Expanding Domestic Oil and Natural Gas Production
We must also pursue long-term solutions to increase domestic oil and natural gas production. I support expanding oil and gas production in areas with proven oil reserves and the pipeline and refining infrastructure necessary to bring additional supplies to market quickly and efficiently. In 2006, I backed one of the largest expansions of oil and gas leasing in the Gulf of Mexico in the past twenty years, opening up 8 million acres for exploration. I also support authorizing exploration of additional lands in the Outer Continental Shelf (OCS) in the Atlantic and Pacific oceans to increase the production of domestic energy supplies.
A coherent and comprehensive policy must also recognize that the United States is home to only 3% of the world's proven oil reserves but uses 25% of the world's daily oil output. We must improve the efficiency of our cars and trucks and improve the energy efficiency of our manufacturing sector, as well as our homes and businesses, to cut demand for natural gas.
Energy Efficiency and Conservation
Congress took strong steps on efficiency and conservation measures in passing the Energy Independence and Security Act of 2007. This landmark legislation increases fuel economy standards and authorizes new ways to save energy in the types of appliances and lights Americans purchase. The Corporate Average Fuel Economy (CAFE) provisions included in the bill require that passenger cars and light trucks achieve a combined fuel economy average of at least 35 miles per gallon by 2020, marking a 40% increase over today's standards.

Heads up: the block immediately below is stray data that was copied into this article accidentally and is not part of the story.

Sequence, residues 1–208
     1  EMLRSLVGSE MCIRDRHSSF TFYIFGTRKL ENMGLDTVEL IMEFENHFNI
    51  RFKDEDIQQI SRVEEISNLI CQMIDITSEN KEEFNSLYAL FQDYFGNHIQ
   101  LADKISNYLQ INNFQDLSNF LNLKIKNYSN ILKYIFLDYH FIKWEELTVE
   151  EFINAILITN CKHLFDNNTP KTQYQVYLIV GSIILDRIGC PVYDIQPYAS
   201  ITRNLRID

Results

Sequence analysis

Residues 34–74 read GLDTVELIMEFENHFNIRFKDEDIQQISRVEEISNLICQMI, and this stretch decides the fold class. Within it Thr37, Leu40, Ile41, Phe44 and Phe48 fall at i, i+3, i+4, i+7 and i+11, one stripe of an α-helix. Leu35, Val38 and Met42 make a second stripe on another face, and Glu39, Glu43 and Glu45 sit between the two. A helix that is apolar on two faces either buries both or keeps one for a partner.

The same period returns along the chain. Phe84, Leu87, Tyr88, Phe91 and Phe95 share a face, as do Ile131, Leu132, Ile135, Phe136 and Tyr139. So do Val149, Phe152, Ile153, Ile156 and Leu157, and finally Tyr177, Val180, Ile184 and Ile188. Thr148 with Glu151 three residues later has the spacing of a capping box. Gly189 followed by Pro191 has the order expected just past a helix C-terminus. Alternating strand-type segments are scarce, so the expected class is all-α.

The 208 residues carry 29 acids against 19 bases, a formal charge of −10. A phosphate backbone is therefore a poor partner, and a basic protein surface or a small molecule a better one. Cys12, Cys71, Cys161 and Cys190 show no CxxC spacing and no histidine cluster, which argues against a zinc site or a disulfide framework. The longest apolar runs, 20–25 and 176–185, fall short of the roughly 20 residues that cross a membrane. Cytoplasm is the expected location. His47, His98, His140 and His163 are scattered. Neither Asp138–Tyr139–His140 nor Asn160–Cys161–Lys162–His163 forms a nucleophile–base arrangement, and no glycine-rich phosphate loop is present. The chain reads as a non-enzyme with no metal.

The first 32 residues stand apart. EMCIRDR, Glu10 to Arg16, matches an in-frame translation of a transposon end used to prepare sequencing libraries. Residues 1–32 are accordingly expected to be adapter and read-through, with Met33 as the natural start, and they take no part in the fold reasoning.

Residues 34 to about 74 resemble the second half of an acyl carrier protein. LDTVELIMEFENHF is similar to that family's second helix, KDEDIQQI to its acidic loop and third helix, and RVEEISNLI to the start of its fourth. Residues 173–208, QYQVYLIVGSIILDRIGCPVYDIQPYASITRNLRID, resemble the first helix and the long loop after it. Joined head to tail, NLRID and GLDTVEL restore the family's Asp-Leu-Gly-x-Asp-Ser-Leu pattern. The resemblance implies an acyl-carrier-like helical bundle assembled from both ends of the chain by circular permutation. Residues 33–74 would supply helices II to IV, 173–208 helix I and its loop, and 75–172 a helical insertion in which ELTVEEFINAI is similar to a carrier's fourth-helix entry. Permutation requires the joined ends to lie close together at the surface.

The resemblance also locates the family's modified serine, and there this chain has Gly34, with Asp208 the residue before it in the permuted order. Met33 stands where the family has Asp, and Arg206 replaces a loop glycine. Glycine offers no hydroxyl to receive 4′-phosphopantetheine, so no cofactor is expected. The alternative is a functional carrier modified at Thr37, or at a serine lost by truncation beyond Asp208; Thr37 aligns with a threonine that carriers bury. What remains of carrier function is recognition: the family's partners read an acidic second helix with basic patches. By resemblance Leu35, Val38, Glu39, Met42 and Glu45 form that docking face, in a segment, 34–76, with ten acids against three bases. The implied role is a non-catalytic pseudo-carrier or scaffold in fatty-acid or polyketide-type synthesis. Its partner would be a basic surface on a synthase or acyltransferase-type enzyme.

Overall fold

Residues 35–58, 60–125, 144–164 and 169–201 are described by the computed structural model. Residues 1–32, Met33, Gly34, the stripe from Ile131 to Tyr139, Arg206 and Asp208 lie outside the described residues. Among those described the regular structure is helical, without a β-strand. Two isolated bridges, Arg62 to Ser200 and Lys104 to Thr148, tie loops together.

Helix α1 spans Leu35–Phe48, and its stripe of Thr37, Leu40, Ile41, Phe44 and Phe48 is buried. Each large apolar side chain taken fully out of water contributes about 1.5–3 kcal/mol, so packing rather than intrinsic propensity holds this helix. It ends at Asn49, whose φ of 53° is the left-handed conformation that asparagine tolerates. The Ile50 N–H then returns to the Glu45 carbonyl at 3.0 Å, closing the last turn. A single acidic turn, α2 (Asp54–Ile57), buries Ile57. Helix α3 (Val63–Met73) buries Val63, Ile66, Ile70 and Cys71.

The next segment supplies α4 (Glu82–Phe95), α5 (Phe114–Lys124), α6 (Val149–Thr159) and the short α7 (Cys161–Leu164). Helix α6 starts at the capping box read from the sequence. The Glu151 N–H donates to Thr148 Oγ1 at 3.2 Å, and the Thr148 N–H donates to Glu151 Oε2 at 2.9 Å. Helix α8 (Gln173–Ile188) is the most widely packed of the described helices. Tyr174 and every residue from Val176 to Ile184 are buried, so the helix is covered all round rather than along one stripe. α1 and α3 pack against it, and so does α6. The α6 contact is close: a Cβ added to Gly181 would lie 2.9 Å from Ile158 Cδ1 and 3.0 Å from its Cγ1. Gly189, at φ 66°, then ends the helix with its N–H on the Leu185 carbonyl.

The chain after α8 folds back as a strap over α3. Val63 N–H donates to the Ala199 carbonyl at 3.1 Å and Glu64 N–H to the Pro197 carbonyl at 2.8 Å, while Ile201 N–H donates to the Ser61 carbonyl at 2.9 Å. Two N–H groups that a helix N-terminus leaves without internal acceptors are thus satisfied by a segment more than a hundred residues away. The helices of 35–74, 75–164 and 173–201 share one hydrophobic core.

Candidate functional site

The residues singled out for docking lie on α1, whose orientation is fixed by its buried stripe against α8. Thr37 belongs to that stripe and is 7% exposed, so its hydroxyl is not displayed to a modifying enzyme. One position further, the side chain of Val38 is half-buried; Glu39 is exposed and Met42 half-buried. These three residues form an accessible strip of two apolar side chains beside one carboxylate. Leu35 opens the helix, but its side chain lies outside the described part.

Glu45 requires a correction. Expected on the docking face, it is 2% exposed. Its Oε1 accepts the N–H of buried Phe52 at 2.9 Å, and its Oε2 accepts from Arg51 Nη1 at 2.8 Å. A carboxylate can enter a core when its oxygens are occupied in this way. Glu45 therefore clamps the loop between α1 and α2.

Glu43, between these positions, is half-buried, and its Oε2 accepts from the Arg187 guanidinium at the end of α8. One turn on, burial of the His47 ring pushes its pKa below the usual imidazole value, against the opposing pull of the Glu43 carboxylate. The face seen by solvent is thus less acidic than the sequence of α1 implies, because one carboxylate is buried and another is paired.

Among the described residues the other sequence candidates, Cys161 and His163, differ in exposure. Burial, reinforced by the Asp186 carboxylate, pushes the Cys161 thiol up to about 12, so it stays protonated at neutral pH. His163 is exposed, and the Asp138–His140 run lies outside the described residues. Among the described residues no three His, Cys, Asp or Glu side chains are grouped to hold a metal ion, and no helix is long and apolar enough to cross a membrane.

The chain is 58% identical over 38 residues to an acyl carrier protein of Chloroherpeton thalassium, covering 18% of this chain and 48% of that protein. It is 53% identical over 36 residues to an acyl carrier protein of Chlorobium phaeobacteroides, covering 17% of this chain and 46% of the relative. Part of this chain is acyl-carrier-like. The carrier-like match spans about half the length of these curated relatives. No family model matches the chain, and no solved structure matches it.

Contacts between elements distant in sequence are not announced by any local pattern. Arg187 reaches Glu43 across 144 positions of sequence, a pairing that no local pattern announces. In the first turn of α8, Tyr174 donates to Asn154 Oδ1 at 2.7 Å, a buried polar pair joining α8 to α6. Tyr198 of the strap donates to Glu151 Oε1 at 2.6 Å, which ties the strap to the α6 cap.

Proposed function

We need a comprehensive approach to reduce energy prices that examines
short and long-term options. Accordingly, I joined the bipartisan coalition
led by Senator Kent Conrad (D-ND) and Senator Saxby Chambliss (R-GA) known
informally as the "Gang of 10." This group, now 16 strong, supports
an energy proposal to reduce gas prices, lessen our nation's dependence
on foreign oil, and strengthen America's economy. For more information
on this bipartisan effort, click